The Trouvelot astronomical images end today, and tomorrow, we’ll start with Harry Clarke, a prolific and incredibly talented stained glass artist and illustrator. Clarke died very young, age 41, but left an amazing amount of work, and most of the books he illustrated are still in print today. Clarke had a habit of incorporating self-portraits into most all of his work, including his stained glass work:
All of Clarke’s illustrations are amazingly beautiful, even when they depict the macabre. In 1914, a decade before he would illustrate Goethe’s Faust, Clarke depicted himself as an absinthe drinking Mephistopheles:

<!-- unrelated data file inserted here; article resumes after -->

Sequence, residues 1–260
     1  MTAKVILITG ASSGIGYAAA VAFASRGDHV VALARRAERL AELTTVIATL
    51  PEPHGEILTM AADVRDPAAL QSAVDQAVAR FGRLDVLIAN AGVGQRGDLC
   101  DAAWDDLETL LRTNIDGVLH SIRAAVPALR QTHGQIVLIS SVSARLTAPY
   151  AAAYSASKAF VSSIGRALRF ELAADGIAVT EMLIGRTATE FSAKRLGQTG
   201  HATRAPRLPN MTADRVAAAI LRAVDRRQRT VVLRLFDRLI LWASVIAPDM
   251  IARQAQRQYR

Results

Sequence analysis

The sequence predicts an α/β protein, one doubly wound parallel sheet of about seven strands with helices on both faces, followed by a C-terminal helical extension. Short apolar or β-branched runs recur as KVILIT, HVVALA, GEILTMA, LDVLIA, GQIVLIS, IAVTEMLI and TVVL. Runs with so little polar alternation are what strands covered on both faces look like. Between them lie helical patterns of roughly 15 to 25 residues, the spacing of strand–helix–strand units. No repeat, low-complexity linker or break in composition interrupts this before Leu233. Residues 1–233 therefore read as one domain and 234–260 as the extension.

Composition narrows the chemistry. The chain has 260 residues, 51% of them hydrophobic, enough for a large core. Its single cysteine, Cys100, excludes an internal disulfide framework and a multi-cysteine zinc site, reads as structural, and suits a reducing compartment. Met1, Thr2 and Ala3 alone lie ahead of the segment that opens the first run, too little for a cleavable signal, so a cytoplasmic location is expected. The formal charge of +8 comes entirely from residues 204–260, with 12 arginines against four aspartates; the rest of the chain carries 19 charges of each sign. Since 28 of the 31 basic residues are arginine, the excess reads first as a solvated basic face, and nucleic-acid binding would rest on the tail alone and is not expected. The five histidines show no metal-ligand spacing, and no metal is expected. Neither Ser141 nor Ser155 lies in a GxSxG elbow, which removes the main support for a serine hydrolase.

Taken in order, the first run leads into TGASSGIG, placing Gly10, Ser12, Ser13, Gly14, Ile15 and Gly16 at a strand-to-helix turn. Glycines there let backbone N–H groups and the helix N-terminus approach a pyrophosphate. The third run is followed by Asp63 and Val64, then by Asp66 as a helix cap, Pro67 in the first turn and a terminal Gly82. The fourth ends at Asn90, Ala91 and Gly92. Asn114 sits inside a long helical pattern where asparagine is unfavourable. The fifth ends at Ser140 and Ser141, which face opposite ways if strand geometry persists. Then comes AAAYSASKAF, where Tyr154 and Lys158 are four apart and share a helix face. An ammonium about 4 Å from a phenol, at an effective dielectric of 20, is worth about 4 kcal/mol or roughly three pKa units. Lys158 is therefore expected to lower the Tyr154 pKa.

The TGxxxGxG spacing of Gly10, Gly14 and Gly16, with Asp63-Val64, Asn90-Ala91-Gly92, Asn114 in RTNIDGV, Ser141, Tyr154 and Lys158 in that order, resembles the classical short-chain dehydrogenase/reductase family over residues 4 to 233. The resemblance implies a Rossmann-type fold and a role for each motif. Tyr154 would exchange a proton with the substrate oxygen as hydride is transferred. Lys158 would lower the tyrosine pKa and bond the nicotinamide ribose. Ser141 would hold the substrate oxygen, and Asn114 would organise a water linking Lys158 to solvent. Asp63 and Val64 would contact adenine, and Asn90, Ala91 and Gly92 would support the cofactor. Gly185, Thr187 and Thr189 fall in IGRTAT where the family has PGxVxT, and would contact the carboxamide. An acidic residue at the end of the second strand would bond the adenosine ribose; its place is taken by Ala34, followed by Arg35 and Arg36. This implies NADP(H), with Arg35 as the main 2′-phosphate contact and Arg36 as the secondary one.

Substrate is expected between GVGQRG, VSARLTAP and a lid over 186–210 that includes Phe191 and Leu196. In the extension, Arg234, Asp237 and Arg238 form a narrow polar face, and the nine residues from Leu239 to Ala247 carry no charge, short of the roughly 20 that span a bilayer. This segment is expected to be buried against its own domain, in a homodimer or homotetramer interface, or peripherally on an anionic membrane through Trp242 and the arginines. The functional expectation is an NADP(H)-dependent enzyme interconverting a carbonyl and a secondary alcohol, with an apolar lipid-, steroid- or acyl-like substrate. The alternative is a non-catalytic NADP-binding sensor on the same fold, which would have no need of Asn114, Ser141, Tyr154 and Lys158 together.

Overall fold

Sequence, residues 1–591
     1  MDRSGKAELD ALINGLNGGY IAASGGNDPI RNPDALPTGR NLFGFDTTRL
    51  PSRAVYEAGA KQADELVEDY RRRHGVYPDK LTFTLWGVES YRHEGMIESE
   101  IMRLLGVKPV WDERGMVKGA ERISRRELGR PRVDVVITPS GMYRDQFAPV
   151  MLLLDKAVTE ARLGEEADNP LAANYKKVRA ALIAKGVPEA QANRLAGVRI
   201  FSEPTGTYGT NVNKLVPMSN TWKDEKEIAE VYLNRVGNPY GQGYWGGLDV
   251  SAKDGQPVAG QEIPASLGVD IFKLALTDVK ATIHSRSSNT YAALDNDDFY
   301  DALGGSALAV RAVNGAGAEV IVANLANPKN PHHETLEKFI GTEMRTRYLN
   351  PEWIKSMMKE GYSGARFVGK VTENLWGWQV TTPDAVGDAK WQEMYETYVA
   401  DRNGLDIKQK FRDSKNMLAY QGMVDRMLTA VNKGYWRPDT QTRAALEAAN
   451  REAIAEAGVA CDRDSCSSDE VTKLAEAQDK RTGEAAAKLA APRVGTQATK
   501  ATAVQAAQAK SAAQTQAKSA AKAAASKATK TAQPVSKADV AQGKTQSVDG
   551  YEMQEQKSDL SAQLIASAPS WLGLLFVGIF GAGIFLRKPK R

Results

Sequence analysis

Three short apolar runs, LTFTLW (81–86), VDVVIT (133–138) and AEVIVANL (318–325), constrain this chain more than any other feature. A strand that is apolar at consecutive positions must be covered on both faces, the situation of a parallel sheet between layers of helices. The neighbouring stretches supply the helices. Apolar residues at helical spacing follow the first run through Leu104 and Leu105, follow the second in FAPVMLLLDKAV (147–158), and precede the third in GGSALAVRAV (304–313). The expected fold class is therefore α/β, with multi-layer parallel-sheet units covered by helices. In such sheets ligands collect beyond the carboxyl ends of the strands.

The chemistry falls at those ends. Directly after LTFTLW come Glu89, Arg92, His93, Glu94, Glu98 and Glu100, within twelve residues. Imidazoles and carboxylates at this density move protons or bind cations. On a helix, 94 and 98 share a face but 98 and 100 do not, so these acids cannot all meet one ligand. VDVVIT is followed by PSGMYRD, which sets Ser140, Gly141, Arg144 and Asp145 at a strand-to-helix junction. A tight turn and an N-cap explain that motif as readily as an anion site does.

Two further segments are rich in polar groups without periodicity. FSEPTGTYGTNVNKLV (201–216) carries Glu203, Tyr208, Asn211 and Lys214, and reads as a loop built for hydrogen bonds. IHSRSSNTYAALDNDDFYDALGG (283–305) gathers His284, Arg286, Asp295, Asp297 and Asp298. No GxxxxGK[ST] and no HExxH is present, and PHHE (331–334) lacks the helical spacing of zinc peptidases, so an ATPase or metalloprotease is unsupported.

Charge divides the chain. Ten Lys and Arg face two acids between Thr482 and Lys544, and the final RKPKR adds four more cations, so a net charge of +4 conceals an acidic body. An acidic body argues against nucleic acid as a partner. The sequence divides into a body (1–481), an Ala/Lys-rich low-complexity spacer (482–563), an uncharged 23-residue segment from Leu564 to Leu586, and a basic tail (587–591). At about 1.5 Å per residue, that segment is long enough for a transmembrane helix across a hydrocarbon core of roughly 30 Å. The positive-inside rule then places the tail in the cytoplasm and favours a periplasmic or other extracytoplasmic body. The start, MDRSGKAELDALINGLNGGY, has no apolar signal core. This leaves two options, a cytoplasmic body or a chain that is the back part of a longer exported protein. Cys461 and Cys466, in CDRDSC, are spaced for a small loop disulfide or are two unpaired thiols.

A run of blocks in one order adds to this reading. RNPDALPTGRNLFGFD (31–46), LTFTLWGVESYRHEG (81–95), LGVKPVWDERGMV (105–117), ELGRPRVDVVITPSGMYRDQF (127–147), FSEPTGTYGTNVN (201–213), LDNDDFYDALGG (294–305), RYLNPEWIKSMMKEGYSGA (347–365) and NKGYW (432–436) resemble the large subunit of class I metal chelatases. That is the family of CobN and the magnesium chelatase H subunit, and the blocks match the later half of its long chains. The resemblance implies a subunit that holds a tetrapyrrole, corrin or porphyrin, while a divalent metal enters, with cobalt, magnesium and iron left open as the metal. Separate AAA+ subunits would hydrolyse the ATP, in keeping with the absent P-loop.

It took me a while to decide on doing Clarke’s illustrations, simply because it would make for a very long series, but they are all exquisite. So, we’ll start with Faust, then move on to the illustrations for Poe’s Tales of Mystery and Imagination, then on to Hans Christian Andersen’s Fairy Tales. We’ll be traveling with Harry Clarke for a bit over three months.
Most of the posts will have more than one image – opening pages will be together, as will decoratives, and beginning and chapter ends.